In regards to reserves funds and reserve studies, the Lender Letter provides that Fannie Mae is suspending its practice of permitting an association’s reserve study to serve in place of its minimum budget reserve requirement and is instead strictly adhering to requiring 10% annual contribution. While it is possible to apply for an exception in established projects that have a reserve study that shows there is sufficient reserves, any requests for exceptions for new projects will not be considered by Fannie Mae. Previously, for loans to be eligible for purchase in the secondary market, the adequacy of reserve funding had been a key component of what the Federal Housing Administration (FHA), the Federal Mortgage Loan Corporation (Freddie Mac) and Fannie Mae looked for in determining whether or not to insure, issue or sell loans on residential condominiums. Not adequately funding reserves could restrict access to financing for new purchasers as well as existing owners who wish to refinance. Prior to the Lender Letter, 10% of the association’s assessment income was to be committed each year to the reserve account, unless the association has a reserve study not older than two (2) years showing that the association’s funding level equals or exceeds what is shown in the plan.

Other Parties Adopting Similar Standards

While Fannie Mae was the first to issue new directives aimed at deferred maintenance and the safety and habitability of the project, other players in the secondary mortgage market have been quick to adopt similar standards. In its Announcement 21-94, PennyMac announced they are aligning with the Lender Letter, effective for loan deliveries on or after December 1, 2021. Freddie Mac subsequently issued Bulletin 2021-38 adopting similar standards for mortgages with settlement dates on or after February 28, 2022.

New Addendums to Condominium Project Questionnaires

Together, Fannie Mae and Freddie Mac developed Form 1076 and Form 476 (the Addendum), respectively, which is an Addendum to their Condominium Project Questionnaire. This Addendum addresses the criteria raised in the Lender Letter. The 12 questions included in the Addendum seeks information that speaks to the buildings’ safety, soundness, structural integrity and habitability. The initial inquiry asks about the last building inspection by a licensed architect, licensed engineer or any other building inspector and, if one was performed, whether that inspection yielded any findings related to the safety and habitability of the building. If the answer is “yes,” additional explanations must be given, along with copies of the inspection, the board meeting minutes relating to the inspection, the action plan and anticipated timeframe for completing the work.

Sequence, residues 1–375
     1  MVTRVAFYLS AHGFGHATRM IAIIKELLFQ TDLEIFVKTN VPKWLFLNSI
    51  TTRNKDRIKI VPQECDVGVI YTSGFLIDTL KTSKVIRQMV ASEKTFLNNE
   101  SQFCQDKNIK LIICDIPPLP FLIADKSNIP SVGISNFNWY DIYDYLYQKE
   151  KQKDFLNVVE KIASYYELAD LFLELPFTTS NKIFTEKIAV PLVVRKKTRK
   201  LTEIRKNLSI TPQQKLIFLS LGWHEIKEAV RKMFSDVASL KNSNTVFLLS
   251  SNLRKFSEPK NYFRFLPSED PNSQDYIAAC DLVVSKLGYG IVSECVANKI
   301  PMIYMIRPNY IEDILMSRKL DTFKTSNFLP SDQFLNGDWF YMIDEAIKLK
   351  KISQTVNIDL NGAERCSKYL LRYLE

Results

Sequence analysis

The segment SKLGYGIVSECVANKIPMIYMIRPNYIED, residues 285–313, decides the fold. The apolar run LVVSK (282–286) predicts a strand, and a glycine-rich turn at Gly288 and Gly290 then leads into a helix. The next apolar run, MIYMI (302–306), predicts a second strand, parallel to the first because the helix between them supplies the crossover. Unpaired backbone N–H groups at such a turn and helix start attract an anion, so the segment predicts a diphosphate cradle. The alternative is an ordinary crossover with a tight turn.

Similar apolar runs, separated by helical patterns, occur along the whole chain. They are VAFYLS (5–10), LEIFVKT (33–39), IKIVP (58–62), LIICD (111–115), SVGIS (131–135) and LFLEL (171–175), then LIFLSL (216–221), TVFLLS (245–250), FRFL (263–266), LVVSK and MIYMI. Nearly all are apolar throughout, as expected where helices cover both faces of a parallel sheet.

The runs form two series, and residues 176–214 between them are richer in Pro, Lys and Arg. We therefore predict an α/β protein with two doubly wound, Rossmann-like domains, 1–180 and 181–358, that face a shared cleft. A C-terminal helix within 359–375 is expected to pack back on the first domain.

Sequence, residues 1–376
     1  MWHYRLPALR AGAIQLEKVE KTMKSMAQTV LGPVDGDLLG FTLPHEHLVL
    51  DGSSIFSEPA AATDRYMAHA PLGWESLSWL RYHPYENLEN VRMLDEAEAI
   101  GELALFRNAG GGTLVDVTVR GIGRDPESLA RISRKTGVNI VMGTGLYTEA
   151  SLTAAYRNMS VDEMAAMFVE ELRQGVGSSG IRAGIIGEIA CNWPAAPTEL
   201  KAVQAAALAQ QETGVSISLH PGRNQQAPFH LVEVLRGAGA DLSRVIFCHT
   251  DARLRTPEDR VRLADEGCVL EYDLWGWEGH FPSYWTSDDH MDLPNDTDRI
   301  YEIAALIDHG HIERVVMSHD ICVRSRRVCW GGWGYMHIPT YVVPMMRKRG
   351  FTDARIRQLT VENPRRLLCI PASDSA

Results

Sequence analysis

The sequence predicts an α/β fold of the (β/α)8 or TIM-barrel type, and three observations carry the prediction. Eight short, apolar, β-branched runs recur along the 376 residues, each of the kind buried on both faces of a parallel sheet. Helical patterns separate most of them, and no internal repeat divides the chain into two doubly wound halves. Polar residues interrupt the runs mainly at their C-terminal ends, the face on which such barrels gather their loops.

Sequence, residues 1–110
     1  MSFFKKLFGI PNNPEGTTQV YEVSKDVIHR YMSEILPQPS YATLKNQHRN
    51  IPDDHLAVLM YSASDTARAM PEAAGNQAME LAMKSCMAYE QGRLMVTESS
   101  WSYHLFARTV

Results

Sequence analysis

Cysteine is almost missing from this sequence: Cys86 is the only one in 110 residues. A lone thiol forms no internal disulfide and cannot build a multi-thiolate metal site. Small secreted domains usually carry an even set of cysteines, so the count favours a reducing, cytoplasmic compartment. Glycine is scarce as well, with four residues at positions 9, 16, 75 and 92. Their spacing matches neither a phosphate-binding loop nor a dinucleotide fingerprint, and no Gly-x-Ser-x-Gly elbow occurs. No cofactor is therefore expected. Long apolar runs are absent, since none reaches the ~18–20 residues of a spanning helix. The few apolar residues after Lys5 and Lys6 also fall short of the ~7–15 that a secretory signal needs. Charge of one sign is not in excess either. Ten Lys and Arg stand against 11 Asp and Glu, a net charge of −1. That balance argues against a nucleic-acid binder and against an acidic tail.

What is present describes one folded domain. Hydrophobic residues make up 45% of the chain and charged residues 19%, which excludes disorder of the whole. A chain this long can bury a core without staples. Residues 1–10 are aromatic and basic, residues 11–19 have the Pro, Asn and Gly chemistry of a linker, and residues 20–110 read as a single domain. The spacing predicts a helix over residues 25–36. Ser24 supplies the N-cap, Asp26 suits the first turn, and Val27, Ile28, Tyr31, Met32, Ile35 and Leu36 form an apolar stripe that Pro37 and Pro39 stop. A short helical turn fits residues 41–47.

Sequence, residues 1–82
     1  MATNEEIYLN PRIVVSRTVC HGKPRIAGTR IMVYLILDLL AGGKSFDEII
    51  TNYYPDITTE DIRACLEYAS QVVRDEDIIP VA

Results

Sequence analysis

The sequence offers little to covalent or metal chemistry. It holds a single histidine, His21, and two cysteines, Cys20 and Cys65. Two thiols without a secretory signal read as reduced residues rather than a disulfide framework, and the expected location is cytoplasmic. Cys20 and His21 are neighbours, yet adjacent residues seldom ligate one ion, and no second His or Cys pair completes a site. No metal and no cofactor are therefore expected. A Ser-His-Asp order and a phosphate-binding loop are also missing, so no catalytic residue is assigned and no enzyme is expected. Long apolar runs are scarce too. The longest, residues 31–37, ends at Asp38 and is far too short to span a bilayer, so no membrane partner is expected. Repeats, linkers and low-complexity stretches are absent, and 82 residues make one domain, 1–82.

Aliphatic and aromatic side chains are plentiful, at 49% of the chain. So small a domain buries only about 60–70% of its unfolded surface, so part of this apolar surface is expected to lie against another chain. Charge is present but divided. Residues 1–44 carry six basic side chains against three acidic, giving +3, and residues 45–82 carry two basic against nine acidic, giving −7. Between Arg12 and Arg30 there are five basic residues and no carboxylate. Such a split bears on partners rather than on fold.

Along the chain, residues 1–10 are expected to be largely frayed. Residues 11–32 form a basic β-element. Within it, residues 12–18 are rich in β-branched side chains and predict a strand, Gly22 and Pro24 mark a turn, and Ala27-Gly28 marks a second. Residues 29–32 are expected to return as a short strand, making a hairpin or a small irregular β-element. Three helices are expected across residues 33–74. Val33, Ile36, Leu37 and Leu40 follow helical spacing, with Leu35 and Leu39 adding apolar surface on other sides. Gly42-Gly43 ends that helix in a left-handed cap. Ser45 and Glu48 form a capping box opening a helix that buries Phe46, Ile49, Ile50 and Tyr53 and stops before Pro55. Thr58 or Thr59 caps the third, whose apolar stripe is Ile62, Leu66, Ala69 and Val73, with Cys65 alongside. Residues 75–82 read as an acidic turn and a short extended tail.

The Addendum also asks whether there has been a reserve study in the last three (3) years and whether there are: (1) any known deficiencies related to the safety and habitability of the buildings; (2) any outstanding violations of jurisdictional requirements; (3) any deferred maintenance, and if so, the schedule of when those components will be repaired or replaced; (4) any special assessments, and if so, the term and purpose of those assessments; or (6) any outstanding loans to finance improvements or deferred maintenance. With the changes incorporated in this Addendum, an in depth analysis of deferred maintenance in the project will be at the forefront for reviewing whether a loan will be eligible for purchase on the secondary mortgage market.

The time to start evaluating these questions is now. Michigan condominium association boards will need to carefully review their budgets and consult with necessary professionals, including property managers, attorneys, building engineers or building inspectors, to confirm whether the project has “deferred maintenance,” and to the extent it does, work to formulate a plan and timetable for addressing the same. The board may also want to consider obtaining a reserve study in the near future, as that is strongly encouraged in the Lender Letter and Addendum, and will assist the association in completing the Condominium Questionnaire. Of course, you can confer with us if you have any questions regarding the Addendums, responding to them, or recommendations for best practices.